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Dernière mise à jour : Mai 2018

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How policy makers and ecologists can develop a more constructive dialogue to save the planet

How policy makers and ecologists can develop a more constructive dialogue to save the planet
An international consensus asks for human environmental impacts be 'maintained', conserved' and 'safeguarded' within “safe ecological limits”. A new study that assembled an international team of environmental scientists shows that policy makers have little idea what these terms mean or how to connect them to a wealth of ecological data and ideas. Progress on protecting our planet requires us to dispel this confusion, and the researchers have produced a framework to do just that.

 “Human actions challenge nature in many ways. We lump these into a grab-bag of ideas we call ecological stability. We want nature to be stable in some sense of that word. But what do we know about stability from our theories and experiments? And how can that knowledge help policy makers? We offer some solutions to these important questions.” said Jose M. Montoya, co-leader of this study at the Theoretical and Experimental Ecology Station, one of the unit of the LabEx TULIP.

The paper just published in Ecology Letters outlines exactly what policy makers, ecological experimenters and theoreticians all think about this term : “stability”. The answer is very different things — and there’s a real problem with this lack of agreement. One of the solutions that the autors proposes is to recognise that nature responds to human pressures in complex ways, even as policy makers often demand simple solutions. Acknowledging the need for better communication on the science-policy interface thus seems essential.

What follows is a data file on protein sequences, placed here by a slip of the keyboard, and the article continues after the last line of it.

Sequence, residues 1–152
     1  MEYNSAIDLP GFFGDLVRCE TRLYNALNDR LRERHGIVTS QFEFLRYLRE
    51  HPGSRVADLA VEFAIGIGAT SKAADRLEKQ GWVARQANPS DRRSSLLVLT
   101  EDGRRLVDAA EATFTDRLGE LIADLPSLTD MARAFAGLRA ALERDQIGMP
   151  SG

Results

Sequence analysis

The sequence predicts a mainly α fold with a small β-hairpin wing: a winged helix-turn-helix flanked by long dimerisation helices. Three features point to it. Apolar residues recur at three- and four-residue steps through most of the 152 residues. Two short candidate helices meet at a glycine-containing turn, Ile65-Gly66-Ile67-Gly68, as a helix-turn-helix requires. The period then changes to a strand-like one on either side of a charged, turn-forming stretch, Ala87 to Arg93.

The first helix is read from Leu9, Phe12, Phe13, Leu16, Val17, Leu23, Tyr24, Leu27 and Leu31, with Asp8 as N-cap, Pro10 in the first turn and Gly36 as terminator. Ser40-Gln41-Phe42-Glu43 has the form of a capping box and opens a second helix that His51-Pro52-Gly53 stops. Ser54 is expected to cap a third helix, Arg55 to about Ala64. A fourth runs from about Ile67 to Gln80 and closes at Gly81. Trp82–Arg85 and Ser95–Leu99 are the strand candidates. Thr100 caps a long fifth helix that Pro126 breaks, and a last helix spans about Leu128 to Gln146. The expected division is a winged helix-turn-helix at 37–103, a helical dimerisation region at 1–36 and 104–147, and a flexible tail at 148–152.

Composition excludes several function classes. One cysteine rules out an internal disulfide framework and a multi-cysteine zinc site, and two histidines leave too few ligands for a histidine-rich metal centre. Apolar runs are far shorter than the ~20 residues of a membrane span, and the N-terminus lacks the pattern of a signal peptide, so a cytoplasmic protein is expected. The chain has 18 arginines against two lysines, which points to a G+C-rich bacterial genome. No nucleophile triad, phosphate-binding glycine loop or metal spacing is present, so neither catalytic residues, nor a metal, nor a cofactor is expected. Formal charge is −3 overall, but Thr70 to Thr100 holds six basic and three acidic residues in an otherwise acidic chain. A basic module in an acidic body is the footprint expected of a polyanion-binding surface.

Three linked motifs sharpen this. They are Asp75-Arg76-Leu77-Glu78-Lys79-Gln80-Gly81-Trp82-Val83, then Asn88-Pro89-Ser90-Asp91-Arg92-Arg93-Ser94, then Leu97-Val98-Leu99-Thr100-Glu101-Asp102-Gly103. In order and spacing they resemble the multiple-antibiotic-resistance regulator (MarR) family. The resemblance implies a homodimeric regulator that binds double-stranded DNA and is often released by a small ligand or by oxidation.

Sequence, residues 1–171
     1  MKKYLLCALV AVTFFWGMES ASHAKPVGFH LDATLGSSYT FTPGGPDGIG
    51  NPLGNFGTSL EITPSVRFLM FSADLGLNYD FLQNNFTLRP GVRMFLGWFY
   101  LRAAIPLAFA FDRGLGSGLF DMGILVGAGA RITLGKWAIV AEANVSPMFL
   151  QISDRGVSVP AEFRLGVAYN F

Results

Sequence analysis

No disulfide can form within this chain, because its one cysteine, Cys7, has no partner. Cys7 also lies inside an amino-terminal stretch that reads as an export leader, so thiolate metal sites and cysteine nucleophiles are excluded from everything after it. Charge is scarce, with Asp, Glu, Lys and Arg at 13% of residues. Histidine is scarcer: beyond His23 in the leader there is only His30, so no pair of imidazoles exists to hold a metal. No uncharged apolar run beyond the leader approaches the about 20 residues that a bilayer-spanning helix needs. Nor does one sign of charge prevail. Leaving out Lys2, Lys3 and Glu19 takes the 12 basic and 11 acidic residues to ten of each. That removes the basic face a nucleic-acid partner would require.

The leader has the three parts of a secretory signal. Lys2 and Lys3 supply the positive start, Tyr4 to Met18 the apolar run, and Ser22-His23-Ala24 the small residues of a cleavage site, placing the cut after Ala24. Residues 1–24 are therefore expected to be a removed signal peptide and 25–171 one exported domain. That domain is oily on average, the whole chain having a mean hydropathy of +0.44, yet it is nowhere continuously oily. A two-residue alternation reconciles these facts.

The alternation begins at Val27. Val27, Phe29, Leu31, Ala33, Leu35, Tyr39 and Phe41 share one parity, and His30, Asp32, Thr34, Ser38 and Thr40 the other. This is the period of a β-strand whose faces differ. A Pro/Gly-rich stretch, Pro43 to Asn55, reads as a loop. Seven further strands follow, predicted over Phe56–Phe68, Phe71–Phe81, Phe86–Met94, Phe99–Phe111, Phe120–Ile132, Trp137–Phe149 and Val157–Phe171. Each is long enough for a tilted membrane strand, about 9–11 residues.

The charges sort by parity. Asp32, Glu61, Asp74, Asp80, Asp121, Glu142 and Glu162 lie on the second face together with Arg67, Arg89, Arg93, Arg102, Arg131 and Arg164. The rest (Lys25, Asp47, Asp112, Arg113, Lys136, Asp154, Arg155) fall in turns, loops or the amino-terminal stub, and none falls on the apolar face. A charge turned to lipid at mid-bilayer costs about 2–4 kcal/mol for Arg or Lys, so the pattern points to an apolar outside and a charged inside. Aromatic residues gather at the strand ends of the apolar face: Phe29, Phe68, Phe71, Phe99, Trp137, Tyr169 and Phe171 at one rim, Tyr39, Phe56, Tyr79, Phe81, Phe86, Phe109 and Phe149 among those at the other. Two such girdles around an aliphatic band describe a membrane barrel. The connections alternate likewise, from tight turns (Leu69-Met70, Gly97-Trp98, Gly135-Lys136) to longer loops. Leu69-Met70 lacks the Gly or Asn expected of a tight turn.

Unfortunately, most of the policies examined by Jose M. Montoya and his colleagues contain terms that are ambiguous, or have multiple definitions that mean different things to different people. The recently announced United Nations Sustainable Development Goals are no exception. This ambiguity is a huge problem as it means that we cannot measure progress, or indeed a lack of progress, towards achieving policy goals. Ecologists, policymakers and practitioners urgently need to develop a shared language in order to be more effective in managing the world’s ecosystems – our life-support system.

See also

Media Contact

José M Montoya, at, +33 (0)5 61 04 03 83 for comment in English, Spanish or French

Article citation

“Navigating the complexity of ecological stability” by Ian Donohue, Helmut Hillebrand, José M. Montoya, Owen L. Petchey, Stuart L. Pimm, Mike S. Fowler, Kevin Healy, Andrew L. Jackson, Miguel Lurgi, Deirdre McClean, Nessa E. O’Connor, Eoin J. O’Gorman and Qiang Yang Ecology Letters (2016) online at